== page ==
"We took samples from the site really just to begin placing the important discoveries we have made at Rhynie over the last few years in a broader geographical context. The results of the dating were simply incredible.

"The Tap O' Noth discovery shakes the narrative of this whole time period. If each of the huts we identified had four or five people living in them then that means there was a population of upwards of 4,000 people living on the hill.

"It is truly mind-blowing and demonstrates just how much we still have to learn about settlement around the time that the early kingdoms of Pictland were being consolidated."

Aberdeenshire Council leader Jim Gifford said: "This find of historic importance will be of huge significance.

"I am hopeful that once restrictions start to be lifted, and of course when it is safe to do so, visitors from far and wide will flock to Aberdeenshire to explore this find."

https://www.bbc.co.uk/news/uk-scotland-north-east-orkney-shetland-52660032

 

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South Scotland

Celebrating Scotland and Italy's links in lockdown

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A celebration of the long-established links between Scotland and Italy is being held online.

Images from across the country and throughout the decades are being shared as part of the project.

Historic Environment Scotland (HES) said the scheme started out as school engagement work.

Traces of Italian Scots heritage in their archives inspired a combined creative learning project in early 2020 called Removed.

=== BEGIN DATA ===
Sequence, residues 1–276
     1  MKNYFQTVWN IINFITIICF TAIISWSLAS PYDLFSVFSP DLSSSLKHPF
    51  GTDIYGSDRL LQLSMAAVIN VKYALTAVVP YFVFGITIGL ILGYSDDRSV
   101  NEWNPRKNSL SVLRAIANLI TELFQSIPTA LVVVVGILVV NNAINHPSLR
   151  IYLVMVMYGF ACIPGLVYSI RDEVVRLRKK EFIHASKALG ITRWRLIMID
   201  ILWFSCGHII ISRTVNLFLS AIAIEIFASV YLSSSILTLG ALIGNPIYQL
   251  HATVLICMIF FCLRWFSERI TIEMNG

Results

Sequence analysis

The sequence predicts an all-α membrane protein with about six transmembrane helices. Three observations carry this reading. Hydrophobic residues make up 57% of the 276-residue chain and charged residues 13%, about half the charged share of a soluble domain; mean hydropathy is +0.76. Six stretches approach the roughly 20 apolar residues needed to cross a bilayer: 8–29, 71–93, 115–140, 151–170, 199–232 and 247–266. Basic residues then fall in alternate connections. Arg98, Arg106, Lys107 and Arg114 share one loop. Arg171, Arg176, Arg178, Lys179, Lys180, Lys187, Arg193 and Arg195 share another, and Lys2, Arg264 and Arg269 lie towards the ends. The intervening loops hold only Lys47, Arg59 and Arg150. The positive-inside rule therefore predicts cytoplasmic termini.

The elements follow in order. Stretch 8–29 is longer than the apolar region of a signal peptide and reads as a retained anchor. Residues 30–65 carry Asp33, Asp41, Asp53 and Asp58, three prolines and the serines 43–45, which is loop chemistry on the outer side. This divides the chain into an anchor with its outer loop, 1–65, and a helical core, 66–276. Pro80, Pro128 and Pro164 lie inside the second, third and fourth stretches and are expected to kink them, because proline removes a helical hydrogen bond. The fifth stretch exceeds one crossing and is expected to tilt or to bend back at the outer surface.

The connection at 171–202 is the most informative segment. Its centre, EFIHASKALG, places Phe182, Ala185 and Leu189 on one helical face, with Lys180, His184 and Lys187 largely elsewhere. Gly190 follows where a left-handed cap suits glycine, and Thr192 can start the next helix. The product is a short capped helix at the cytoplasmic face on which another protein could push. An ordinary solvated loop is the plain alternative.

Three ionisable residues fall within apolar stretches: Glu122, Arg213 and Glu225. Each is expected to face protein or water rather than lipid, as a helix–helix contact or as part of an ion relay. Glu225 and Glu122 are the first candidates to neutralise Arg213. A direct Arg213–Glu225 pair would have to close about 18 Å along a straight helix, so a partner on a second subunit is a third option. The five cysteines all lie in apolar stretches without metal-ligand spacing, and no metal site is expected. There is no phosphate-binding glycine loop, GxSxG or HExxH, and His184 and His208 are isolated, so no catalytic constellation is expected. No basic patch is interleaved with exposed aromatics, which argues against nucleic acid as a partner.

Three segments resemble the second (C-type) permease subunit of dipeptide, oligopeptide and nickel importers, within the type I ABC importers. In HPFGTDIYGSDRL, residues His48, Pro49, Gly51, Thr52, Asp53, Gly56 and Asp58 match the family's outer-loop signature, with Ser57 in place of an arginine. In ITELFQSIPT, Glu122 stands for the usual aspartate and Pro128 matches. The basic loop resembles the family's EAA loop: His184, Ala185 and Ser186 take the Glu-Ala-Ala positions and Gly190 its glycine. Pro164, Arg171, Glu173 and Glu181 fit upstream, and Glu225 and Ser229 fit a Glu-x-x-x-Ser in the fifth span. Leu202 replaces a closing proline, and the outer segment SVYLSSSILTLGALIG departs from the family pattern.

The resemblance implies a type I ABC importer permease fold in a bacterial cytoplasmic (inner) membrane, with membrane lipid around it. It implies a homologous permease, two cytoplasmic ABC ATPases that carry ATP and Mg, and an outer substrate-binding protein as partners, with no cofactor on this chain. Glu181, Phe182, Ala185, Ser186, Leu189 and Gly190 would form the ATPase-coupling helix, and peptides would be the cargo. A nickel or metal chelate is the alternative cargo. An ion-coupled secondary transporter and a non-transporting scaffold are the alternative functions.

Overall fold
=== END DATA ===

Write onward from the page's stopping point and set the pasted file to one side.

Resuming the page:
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The English towers and landmarks that inspired Tolkien's hobbit sagas

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© Photograph: keenbean/Alamy Garth believes Faringdon Folly inspired Saruman’s dark tower in the Lord of the Rings.

Readers of The Lord of the Rings must surely imagine lifting their eyes in terror before Saruman’s dark tower, known as Orthanc. Over the years, many admirers of the Middle-earth sagas have guessed at the inspiration for this and other striking features of the landscape created by JRR Tolkien.

Now an extensive new study of the author’s work is to reveal the likely sources of key scenes. The idea for Saruman’s nightmarish tower, argues leading Tolkien expert John Garth, was prompted by Faringdon Folly in Berkshire.

“I have concentrated on the places that inspired Tolkien and though that may seem a trivial subject, I hope I have brought some rigour to it,” said Garth this weekend. “I have a fascination for the workings of the creative process and in finding those moments of creative epiphany for a genius like Tolkien.”

A close study of the author’s life, his travels and his teaching papers have

led Garth to a fresh understanding of an allegory that Tolkien regularly called upon while giving lectures in Old English poetry at Oxford in the 1930s.